Can I vaccinate my joint-custody child? NJ lawyer weighs in
While many parents may be wondering, should I vaccinate my child against COVID-19, moms and dads in the middle of custody disputes or divorce proceedings may be stuck with an additional question — can I vaccinate my child against COVID-19?
Legal experts say COVID vaccination is slowly becoming a more central issue in divorce cases in New Jersey — one parent is for the shots, and the other is not — and the number of disputes is expected to increase significantly over the next few months.
"If they're equal in terms of physical custody and equal in terms of legal custody, who, then, gets to make the decision?" said Rebecca Frino, counsel in the family law practice at Mandelbaum Barrett in Roseland.
Frino admits there aren't many clear answers in this area, including whether or not someone with a greater share of physical custody has a leg up in the vaccination debate. If parents share legal custody, they're supposed to make the major decisions together.
"But legal custody is premised on the idea that the parties are able to confer and agree upon those major decisions," Frino said.
Frino said we're living in an unprecedented age and it's not uncommon for the law to play catch-up with reality.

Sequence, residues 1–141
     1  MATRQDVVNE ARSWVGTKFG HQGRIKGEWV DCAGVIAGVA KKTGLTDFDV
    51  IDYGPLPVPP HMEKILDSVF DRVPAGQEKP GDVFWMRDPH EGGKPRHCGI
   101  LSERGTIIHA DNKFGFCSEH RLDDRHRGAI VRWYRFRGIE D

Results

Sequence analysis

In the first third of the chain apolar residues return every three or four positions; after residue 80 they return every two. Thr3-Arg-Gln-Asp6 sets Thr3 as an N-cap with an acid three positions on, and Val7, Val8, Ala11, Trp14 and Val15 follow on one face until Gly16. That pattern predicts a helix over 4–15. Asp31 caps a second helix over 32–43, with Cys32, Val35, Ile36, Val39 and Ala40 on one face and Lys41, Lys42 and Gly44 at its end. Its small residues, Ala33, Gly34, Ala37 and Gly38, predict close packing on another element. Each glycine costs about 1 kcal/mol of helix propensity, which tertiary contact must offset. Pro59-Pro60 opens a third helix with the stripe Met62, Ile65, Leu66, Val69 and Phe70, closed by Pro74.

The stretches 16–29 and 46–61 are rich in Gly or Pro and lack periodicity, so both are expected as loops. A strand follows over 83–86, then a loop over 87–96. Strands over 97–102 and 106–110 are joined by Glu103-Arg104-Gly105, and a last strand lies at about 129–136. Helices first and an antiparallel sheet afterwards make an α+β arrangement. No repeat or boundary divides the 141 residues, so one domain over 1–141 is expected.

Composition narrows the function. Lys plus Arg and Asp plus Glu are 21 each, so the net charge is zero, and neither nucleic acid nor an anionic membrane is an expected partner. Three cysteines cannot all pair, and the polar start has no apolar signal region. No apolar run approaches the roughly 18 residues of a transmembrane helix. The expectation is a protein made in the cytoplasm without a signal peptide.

Either of a child's parents technically has the right to get their child vaccinated without the consent of the other parent. But that could open the door to legal disputes, depending on the custody arrangement.
Whether they like it or not, Frino said, parents need to attempt to have an open and honest dialogue about their opinions on the topic.
"If you're still at odds, perhaps you involve a child therapist or a child's treating pediatrician," Frino said.
Law offices are bracing for an uptick in these debates when many schools permit students and staff to unmask in March, and when emergency authorization is eventually granted on a vaccine for children younger than 5.
Contact reporter Dino Flammia at firstname.lastname@example.org.